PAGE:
People go to the movies and yammer. They go to the symphony and fail to silence their phones. They go to museums to take selfies and be dumb. There’s no art form created by humanity that can’t be ruined by the presence of humans. Why should baseball be any different?
The always-dizzying Mets have had quite the run of self-induced drama recently. They’ve mismanaged injuries, thrown luckless journeymen to the wolves and are now embroiled in a made-for-talk-radio pissing match with recidivist prodigal son Matt Harvey .
If you were paying attention, Monday saw the Mets not disable Asdrubal Cabrera  (because this approach has yielded such spectacular results over the last couple of years) and dominate Twitter timelines as various people yelled about whether Harvey had been golfing or at some douche-bro club, felled by a migraine or brought down by up-whooping, texted no one because he was sleeping or texted the wrong people too late, and (presumably) whether he answered the door in Greenwich Village dressed in Batman PJs or his ESPN the Body ensemble.
(By the way, I’m trying to imagine what’s less fun than a late-night tete-a-tete with Mets security goons who want to take my temperature and assess whether or not my eyes are suspiciously red. I can think of stuff, but it’s a short list.)
I didn’t pay it much mind and don’t plan to, because I don’t really care — when I checked Twitter on Monday it was because I wanted to know if Gavin Cecchini  had been activated. (He hasn’t — presumably he’s been stashed in one of those depressing hotels by La Guardia, one hopes unaccompanied by Tony Tarasco .)
What I really wanted, once night fell, was a baseball game unencrusted by barnacles of nonsense. I wanted a theater without yakkers, a concert hall without cellphones, a museum without selfie sticks.
Fortunately, baseball can generally be relied on to provide that.
The Mets and Giants — a stubbornly enigmatic team and an inexplicably terrible one, respectively — collaborated to produce a perfectly serviceable baseball game that was exactly what I needed, particularly since it came with a happy ending .
It was an odd one — close but somehow not particularly taut. Part of that was Jacob deGrom ‘s inefficiency — his pitch count escalated dangerously, leading to his departure after six so-so innings. Yet he left with 11 Ks, and he got strikeouts when he really needed them, fanning Gorkys Hernandez  with a high fastball to end the fourth and Brandon Belt  and Hunter Pence  to end the fifth.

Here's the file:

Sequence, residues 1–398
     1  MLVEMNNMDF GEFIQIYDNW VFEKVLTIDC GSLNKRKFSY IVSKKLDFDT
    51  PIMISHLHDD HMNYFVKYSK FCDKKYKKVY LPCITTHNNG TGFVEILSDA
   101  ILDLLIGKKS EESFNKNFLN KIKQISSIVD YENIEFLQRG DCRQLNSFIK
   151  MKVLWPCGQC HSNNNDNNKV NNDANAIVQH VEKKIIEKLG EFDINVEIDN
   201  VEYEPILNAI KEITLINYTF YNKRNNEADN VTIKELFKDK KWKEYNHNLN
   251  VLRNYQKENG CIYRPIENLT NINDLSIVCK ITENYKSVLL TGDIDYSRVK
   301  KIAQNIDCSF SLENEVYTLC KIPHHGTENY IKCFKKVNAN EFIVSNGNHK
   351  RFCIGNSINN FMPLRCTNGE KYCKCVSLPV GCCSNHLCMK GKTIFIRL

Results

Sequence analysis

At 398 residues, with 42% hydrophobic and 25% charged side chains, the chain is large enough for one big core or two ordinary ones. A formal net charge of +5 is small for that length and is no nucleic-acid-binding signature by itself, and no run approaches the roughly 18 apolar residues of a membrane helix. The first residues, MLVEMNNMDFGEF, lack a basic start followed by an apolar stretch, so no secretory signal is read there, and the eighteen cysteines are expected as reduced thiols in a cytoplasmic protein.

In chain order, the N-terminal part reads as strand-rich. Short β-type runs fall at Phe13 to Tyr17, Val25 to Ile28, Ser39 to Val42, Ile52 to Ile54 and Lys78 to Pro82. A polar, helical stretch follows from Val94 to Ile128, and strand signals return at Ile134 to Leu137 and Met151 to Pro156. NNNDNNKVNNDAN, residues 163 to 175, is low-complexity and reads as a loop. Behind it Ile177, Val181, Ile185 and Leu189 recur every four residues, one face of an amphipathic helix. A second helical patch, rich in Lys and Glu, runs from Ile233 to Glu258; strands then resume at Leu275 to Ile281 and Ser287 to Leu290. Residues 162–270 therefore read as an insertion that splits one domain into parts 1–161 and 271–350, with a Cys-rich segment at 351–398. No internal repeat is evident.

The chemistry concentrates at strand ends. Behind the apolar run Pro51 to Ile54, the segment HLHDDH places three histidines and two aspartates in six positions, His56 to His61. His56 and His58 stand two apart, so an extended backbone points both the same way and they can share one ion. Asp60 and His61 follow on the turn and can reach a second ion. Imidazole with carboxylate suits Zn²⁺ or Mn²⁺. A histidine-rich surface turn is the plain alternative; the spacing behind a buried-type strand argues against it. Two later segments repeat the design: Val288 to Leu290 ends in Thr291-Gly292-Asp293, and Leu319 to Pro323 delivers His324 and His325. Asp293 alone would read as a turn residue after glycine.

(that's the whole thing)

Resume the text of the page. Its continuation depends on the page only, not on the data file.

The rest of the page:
Points also for the curveball that Jerry Blevins  threw Belt to end the top of the seventh. It was pure evil, starting on a path that looked like it would hit Belt in the upper thigh yet winding up barely above the plate. Belt swung and missed, but shouldn’t feel too bad — he couldn’t have hit that pitch if he’d been armed with a machine gun.
Still, it looked like the Mets might fall short, and I was gritting my teeth thinking about having to write 500-odd words about losing by a skinny run because a stupid ball just barely hopped over a stupid fence. That happened to Neil Walker  in the first, as his double was transformed from the happily up-the-gap variety to the no-way-that’s-not-fair ground-rule variety, forcing Jay Bruce  to return to first instead of following Michael Conforto  home with the tying run. Instead of 2-2, it stayed 2-1 Giants.
The Mets tied it up in the fifth on T.J. Rivera ‘s double, fell behind immediately on a long Buster Posey  home run, then tied it up again on a pinch-hit double by Curtis Granderson . But my mind went back to late-inning ties at Citi Field against the Giants and didn’t like the potential outcome. Nor was I particularly enamored of the idea of the two teams playing on and on before a chilled and punch-drunk clientele, not after having been sucked into the Yankees and Cubs re-enacting Verdun  last night.
Fortunately, the reliable part of the Giants’ bullpen chose this night to prove un-, which is really all Bruce Bochy ‘s team needs right now. Derek Law  wiggled out of serious trouble in the eighth by coaxing a double-play ball from single-thumbed stalwart Cabrera, and then Hunter Strickland  looked poised to do the same with two outs in the ninth, runners on first and second and Walker at the plate.
The pitch Strickland threw wasn’t that bad — it was a slider diving below the knee. But it was meant to slide to the outside of the plate, and instead it slid from the inside to the middle. Posey reoriented his mitt and stabbed at it, but he’s done this long enough to have suspected the ball wouldn’t reach its destination. Walker whacked it down the line into the exurbs of Utleyville, chasing Conforto home and the Mets’ latest misadventures away.
Well, at least a little. And at least for a night. Hey, sometimes that’s all you ask for.